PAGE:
Relative Something

*this* John W. Hays' take on things and experiences

Posts Tagged ‘winter driving

Isolated Festively

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Over a holiday weekend that historically would have us venturing sixty-some miles to the west three times in two days to mingle and nosh with Cyndie’s relations, the Christmas of 2020 in all its pandemic isolation reduced our travels to one time to exchange gifts at her mom’s house. Distanced, masked, and without risking a shared meal, our children met us at Marie’s house in Edina on Christmas eve day for the briefest of gift exchanges.

Little did we realize before setting out in the moments after our township road had finally been plowed around 11:00 a.m., we were in for some of the riskiest driving we’d experienced in recent memory. From local roads to the interstate highways, the surface was frozen and slippery. Almost every mile, sometimes more frequently, we spotted vehicles buried in the ditch.

Approaching a speed that would require the use of brakes in order to slow down was taking chances that threatened an unwelcome hell of post-storm autobody appointments, not to mention bumps and bruises, or worse.

Every overhead message board flashed warnings of crash delays ahead. As we waited in one backup, a full-size fire engine forced its way ahead and crossed all lanes to block the two left-most. We crawled ahead to where the sight of a big rig was perched on the cement barrier dividing east and westbound traffic, front tires high off the ground.

Later, another backup wrapped around a helpless pickup in a center lane, lacking enough traction to make any progress up the slight incline.

Cyndie’s expertly cautious driving got us there and back without incident.

Back home with presents in hand, we settled in for three days of isolation that Cyndie masterfully enhanced with wonderfully festive meals and activities, while simultaneously continuing to practice post-surgery regiments for her knee.

We ate like royalty and dined on some of her family holiday classics. Beef tenderloin with horseradish sauce, marinated carrots, out-of-this-world skin-on mashed red potatoes, and dessert of unparalleled greatness, cranberry cake with butter-caramel sauce.

We sat around the fireplace and worked on a new jigsaw puzzle from Marie that depicted chickens that looked just like ours. Cyndie poured herself into new books and I spent renewed time in my world-wide online community, catching up on reading and writing there.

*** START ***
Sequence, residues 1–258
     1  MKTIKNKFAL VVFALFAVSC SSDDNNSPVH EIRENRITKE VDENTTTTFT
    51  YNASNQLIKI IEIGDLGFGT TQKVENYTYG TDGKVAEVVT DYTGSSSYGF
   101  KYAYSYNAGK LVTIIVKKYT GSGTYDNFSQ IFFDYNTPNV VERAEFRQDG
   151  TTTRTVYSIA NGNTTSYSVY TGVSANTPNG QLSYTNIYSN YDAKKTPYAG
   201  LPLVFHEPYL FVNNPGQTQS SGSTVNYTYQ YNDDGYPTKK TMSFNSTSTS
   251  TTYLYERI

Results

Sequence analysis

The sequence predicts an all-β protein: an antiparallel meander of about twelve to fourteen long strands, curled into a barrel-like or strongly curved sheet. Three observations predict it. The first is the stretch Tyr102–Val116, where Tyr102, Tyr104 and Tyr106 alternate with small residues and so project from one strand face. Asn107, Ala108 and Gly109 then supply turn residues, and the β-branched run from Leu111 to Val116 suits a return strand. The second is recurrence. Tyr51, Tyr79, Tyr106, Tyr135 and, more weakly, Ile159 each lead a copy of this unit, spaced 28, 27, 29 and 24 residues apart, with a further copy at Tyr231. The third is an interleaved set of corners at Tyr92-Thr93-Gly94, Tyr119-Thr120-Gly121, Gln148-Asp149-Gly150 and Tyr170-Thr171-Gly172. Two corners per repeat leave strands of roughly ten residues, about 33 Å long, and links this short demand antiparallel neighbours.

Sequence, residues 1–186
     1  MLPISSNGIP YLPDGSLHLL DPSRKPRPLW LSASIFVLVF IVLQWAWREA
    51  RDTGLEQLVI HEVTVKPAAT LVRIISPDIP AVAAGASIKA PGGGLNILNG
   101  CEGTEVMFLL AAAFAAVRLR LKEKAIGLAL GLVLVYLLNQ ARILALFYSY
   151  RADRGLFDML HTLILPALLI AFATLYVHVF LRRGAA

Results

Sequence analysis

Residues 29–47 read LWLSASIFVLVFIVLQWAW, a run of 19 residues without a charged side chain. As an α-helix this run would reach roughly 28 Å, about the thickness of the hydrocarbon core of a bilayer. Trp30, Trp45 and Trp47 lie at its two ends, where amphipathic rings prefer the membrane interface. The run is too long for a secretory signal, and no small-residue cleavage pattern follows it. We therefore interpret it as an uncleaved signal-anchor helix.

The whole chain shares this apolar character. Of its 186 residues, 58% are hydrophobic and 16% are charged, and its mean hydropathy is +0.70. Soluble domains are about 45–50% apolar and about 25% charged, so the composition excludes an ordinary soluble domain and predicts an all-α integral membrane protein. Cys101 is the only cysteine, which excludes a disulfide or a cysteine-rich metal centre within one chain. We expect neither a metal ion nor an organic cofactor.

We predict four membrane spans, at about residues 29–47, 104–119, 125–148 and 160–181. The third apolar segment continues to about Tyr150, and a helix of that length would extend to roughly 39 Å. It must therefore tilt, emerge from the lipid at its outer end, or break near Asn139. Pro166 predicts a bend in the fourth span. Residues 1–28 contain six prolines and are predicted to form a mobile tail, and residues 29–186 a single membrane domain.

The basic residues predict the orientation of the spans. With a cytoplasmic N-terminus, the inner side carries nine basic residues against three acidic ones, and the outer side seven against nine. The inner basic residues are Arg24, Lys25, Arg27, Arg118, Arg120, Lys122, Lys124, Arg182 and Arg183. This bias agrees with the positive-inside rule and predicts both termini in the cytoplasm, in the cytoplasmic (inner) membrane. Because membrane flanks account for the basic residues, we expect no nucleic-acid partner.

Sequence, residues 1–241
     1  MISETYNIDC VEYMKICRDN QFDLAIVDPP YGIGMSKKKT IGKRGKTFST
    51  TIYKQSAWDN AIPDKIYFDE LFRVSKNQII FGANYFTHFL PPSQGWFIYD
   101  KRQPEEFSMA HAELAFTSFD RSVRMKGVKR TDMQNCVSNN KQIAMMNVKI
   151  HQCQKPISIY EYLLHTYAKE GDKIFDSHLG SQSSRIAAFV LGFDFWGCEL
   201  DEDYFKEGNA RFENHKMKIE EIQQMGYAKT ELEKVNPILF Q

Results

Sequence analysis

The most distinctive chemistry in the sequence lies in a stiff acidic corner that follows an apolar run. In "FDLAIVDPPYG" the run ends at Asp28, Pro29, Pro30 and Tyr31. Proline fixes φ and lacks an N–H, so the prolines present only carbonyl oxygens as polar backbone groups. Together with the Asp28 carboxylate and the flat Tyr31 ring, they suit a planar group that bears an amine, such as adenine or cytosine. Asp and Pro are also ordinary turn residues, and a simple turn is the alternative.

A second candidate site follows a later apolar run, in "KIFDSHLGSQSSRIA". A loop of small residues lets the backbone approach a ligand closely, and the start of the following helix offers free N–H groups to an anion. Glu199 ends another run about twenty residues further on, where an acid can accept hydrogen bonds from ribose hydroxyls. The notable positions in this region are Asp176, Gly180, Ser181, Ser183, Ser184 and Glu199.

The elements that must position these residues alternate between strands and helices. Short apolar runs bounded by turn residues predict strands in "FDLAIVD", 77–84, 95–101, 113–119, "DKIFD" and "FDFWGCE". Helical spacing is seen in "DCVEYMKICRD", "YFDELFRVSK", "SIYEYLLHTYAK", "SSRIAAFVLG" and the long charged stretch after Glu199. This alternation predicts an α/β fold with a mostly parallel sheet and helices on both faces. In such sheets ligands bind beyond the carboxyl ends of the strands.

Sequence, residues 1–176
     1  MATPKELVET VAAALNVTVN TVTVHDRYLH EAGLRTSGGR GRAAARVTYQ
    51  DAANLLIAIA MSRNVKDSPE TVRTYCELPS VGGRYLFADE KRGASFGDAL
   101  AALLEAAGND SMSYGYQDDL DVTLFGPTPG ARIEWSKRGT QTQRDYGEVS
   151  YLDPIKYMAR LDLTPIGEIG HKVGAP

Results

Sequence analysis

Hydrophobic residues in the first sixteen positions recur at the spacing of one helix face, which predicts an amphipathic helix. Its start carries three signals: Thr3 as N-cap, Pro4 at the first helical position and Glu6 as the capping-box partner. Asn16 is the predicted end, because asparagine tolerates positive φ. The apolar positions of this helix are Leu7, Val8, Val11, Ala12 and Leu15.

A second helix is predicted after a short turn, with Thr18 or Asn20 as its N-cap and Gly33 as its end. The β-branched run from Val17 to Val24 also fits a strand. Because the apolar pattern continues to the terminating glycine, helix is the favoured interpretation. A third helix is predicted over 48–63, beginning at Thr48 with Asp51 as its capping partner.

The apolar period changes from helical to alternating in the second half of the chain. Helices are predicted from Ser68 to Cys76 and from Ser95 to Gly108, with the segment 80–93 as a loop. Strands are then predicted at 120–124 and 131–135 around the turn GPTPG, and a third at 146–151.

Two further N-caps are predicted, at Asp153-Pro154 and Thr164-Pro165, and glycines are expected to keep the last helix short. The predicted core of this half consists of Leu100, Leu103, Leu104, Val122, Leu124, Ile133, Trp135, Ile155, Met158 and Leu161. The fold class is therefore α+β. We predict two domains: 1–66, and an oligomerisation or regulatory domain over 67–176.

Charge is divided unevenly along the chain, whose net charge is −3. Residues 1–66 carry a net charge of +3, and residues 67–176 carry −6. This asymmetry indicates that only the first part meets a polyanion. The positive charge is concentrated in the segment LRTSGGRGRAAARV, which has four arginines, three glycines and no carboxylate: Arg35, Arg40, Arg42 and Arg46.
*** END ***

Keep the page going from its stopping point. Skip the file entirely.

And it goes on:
A text-chain of family members helped us to stay connected, but there was no getting around the fact we were home alone together at one of the most family-gathering times of the year.

Somehow, maybe due to an urge to make it feel anything but just another day at home, Cyndie took interest in assembling the jigsaw puzzle with me, something in which she usually finds no pleasure. I chose to match her change in routine by deciding to skip building the outer border first, a step that moved me entirely out of my otherwise rigid norm.

We had a blast with the task, each finding great pleasure in the shared experience.

Quite simply, it helped to make the entire weekend feel downright festive, isolation be damned.

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Freezing Mist

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Now, this. What did we do to deserve this? My commute home from work yesterday afternoon was one of the least complicated in my memory, right up until the last ten miles. Then things got serious.

Thank goodness for my Symmetrical All-Wheel-Drive Subaru vehicle with Traction Control and an Anti-Lock Braking System. Before the changing road conditions were even visible, my car alerted me to the increasingly slippery conditions.

Most of the day was a dreary, gloomy gray, with temperatures just above freezing, and a hint of wetness in the air and on the ground. When I left Plymouth, MN, it just seemed damp outside. I barely needed to use wipers throughout my drive, as the moisture wasn’t collecting on the glass.

Things changed after I had turned southeast and passed through River Falls, WI. Within five miles of home, I slowed to make a lazy left turn from the state highway to a county road. However, I hadn’t slowed enough for the invisible icing hazard, which triggered the Traction Control to suddenly kick in and instantly grab my attention.